Magazine article AI Magazine

Sustainable Policy Making: A Strategic Challenge for Artificial Intelligence

Magazine article AI Magazine

Sustainable Policy Making: A Strategic Challenge for Artificial Intelligence

Article excerpt

Public policy issues cover a wide variety of fields: economy, education, environment, health, social welfare, and national and foreign affairs. They are extremely complex, occur in rapidly changing environments characterized by uncertainty, and involve conflicts among different interests. In the modern world, due to globalization, the political activity and intervention become more widespread, and so the effects of its interventions become more difficult to assess. At the same time it is becoming ever more important to ensure that actions are effectively tackling the real challenges that this increasing complexity entails.

Generally speaking, the policy-making process traverses four steps: policy planning, environmental assessment, implementation, and monitoring. The first three steps are performed ex-ante. In the planning step, strategic objectives are set, budget constraints are defined, geophysical constraints are considered. The assessment phase, which is traditionally performed after the planning step, concerns the evaluation of the impact of the policy plan on the environment, and to a certain extent on economy and society. Implementation consists of defining a set of instruments to support the planning objectives, such as incentives, information campaigns, tax exemption, and compulsion (to name a few). The monitoring step is performed ex-post, to check whether the implementation strategies achieve the expected objectives settled during the planning phase.

There are a number of problems in this process at present. First, the planning step and the environmental assessment are performed in sequence: in case a plan contains negative effects on the environment, only corrective countermeasures can be applied a posteriori. If planning and environmental assessment were performed at the same stage, an environmentally well-assessed plan could be produced instead. Second, the implementation instruments are decided without any proper strategy nor assessment of their effect on the society. These effects are indeed checked during the monitoring phase to measure whether they are conformant with the planning objectives in an ex-post fashion. Third, the steps are always performed manually with no (or very little) information and communications technology (ICT) support.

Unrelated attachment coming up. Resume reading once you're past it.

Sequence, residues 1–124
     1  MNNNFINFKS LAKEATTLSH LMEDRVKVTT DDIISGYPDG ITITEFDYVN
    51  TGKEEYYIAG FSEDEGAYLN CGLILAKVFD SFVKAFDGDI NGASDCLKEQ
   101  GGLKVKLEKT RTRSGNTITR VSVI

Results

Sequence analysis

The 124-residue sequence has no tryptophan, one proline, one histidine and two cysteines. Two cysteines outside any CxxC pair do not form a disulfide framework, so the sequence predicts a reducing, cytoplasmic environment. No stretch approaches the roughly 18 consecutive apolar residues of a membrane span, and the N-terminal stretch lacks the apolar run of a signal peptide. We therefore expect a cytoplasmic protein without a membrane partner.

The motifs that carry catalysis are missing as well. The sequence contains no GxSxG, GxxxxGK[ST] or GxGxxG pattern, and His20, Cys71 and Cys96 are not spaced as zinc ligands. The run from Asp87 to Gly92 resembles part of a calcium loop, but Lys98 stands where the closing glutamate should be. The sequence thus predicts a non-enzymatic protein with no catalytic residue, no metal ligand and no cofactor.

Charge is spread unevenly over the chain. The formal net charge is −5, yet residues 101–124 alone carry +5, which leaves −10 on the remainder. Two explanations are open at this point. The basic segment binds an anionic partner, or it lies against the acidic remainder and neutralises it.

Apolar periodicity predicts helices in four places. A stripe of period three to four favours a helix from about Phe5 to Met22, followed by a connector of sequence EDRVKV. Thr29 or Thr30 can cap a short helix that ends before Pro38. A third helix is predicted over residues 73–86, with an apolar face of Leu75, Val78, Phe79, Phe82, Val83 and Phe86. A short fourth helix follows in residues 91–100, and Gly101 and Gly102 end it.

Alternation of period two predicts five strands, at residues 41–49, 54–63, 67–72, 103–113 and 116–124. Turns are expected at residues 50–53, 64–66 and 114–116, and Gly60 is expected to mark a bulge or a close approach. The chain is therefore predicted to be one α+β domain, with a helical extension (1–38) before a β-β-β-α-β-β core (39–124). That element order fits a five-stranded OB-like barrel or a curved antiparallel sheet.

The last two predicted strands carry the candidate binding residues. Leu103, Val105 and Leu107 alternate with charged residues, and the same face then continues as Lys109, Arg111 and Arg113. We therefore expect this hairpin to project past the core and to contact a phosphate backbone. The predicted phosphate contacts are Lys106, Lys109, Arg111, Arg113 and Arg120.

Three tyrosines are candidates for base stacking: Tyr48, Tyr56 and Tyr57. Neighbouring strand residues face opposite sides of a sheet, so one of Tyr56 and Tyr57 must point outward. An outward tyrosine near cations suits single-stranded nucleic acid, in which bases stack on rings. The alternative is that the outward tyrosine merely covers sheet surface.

We strongly believe a number of AI techniques could be effectively used for aiding governance and policy making: the literature reports attempts to use agent-based simulation (Troitzsch et al. 1999), opinion mining (Pang and Lee 2008), visual scenario evaluation (Chamberlain et al. 2012), and optimization (Cattafiet al. 2011) to support specific cases of this process, but there is large space for improvement. What is totally missing at present is a comprehensive tool that assists the policy maker in all phases of the decision-making process. The tool should compute alternative scenarios each consisting of both a wellassessed plan and the corresponding implementation strategies to achieve its objective. We need a tool that is able to integrate and consider, at the same time, global objectives and individual/social reactions. These two perspectives could be, and often are, in conflict, and possibly game theory could be used to find an equilibrium between the two parts.

The schema we devise is depicted in figure 1. Moreover, the policy maker should take into account the global view of the policy, namely financial aspects, objectives, environmental impacts, and constraints and generate alternative scenarios. On the other hand, the society can participate in the policy-making process through e-participation both in the exante phase during the definition of the policy and in the ex-post phase for providing feedback on different scenarios. Clearly, we should be able to come out with an equilibrium between the global and the individual point of view. In this case game theory could play a role.

The ideas expressed in this article are a result of the EU FP7 project called ePolicy: Engineering the Policy Making Life Cycle which focuses on developing decision support systems for aiding policy makers across all phases of the policy-making process. …

Search by... Author
Show... All Results Primary Sources Peer-reviewed

Oops!

An unknown error has occurred. Please click the button below to reload the page. If the problem persists, please try again in a little while.